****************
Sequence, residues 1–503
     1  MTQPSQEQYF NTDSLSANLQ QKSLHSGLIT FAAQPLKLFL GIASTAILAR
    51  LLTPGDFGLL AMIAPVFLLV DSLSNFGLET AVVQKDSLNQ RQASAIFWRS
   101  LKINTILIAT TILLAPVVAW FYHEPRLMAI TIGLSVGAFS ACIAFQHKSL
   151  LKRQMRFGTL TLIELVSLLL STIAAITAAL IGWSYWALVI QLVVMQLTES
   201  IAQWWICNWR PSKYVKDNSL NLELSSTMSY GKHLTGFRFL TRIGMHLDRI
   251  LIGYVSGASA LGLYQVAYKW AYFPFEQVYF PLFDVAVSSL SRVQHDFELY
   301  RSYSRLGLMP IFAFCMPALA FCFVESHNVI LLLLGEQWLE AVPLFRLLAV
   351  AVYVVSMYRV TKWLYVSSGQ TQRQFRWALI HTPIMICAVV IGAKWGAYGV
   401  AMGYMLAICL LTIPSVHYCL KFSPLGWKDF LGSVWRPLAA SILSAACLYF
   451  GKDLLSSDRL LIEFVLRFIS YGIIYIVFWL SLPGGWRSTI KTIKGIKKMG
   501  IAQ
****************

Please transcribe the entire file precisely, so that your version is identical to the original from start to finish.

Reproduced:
Sequence, residues 1–503
     1  MTQPSQEQYF NTDSLSANLQ QKSLHSGLIT FAAQPLKLFL GIASTAILAR
    51  LLTPGDFGLL AMIAPVFLLV DSLSNFGLET AVVQKDSLNQ RQASAIFWRS
   101  LKINTILIAT TILLAPVVAW FYHEPRLMAI TIGLSVGAFS ACIAFQHKSL
   151  LKRQMRFGTL TLIELVSLLL STIAAITAAL IGWSYWALVI QLVVMQLTES
   201  IAQWWICNWR PSKYVKDNSL NLELSSTMSY GKHLTGFRFL TRIGMHLDRI
   251  LIGYVSGASA LGLYQVAYKW AYFPFEQVYF PLFDVAVSSL SRVQHDFELY
   301  RSYSRLGLMP IFAFCMPALA FCFVESHNVI LLLLGEQWLE AVPLFRLLAV
   351  AVYVVSMYRV TKWLYVSSGQ TQRQFRWALI HTPIMICAVV IGAKWGAYGV
   401  AMGYMLAICL LTIPSVHYCL KFSPLGWKDF LGSVWRPLAA SILSAACLYF
   451  GKDLLSSDRL LIEFVLRFIS YGIIYIVFWL SLPGGWRSTI KTIKGIKKMG
   501  IAQ